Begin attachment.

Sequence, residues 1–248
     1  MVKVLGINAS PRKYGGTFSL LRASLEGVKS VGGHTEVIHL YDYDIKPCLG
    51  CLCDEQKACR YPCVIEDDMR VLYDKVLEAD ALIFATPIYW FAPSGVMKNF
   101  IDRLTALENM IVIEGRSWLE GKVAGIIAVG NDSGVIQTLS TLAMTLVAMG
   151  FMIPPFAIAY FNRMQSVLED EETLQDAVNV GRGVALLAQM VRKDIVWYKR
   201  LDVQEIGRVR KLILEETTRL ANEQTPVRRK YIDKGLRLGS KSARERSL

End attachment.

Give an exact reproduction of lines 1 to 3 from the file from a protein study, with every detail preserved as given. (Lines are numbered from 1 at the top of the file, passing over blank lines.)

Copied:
Sequence, residues 1–248
     1  MVKVLGINAS PRKYGGTFSL LRASLEGVKS VGGHTEVIHL YDYDIKPCLG
    51  CLCDEQKACR YPCVIEDDMR VLYDKVLEAD ALIFATPIYW FAPSGVMKNF